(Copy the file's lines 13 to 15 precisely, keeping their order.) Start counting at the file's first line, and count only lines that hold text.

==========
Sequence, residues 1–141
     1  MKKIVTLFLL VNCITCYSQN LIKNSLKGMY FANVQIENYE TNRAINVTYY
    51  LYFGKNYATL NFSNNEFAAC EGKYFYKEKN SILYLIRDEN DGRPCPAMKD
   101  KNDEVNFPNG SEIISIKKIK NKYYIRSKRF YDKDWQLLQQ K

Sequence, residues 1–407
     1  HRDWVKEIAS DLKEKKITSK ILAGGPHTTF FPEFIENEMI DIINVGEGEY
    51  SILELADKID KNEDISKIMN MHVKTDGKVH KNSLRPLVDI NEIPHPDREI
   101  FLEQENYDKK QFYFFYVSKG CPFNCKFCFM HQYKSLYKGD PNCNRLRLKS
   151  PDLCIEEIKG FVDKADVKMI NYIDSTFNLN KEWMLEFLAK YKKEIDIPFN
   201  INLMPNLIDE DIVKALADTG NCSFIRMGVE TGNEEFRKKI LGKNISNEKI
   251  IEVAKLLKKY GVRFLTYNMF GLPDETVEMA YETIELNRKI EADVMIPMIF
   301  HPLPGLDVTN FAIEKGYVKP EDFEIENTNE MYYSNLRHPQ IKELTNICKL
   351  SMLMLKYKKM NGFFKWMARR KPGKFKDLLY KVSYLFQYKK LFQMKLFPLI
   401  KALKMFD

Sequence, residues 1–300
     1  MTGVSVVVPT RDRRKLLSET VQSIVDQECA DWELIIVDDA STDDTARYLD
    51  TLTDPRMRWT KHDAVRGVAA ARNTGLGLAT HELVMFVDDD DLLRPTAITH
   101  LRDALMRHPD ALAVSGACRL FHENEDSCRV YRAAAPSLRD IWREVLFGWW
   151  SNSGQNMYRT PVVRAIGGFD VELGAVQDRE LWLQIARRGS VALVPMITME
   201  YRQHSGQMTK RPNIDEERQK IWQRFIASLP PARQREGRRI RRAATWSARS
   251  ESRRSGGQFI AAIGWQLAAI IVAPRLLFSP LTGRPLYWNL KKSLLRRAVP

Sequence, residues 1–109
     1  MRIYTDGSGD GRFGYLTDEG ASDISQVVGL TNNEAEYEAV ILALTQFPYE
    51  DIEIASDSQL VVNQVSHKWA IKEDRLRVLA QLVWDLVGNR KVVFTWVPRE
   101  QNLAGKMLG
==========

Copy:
   351  SMLMLKYKKM NGFFKWMARR KPGKFKDLLY KVSYLFQYKK LFQMKLFPLI
   401  KALKMFD

Sequence, residues 1–300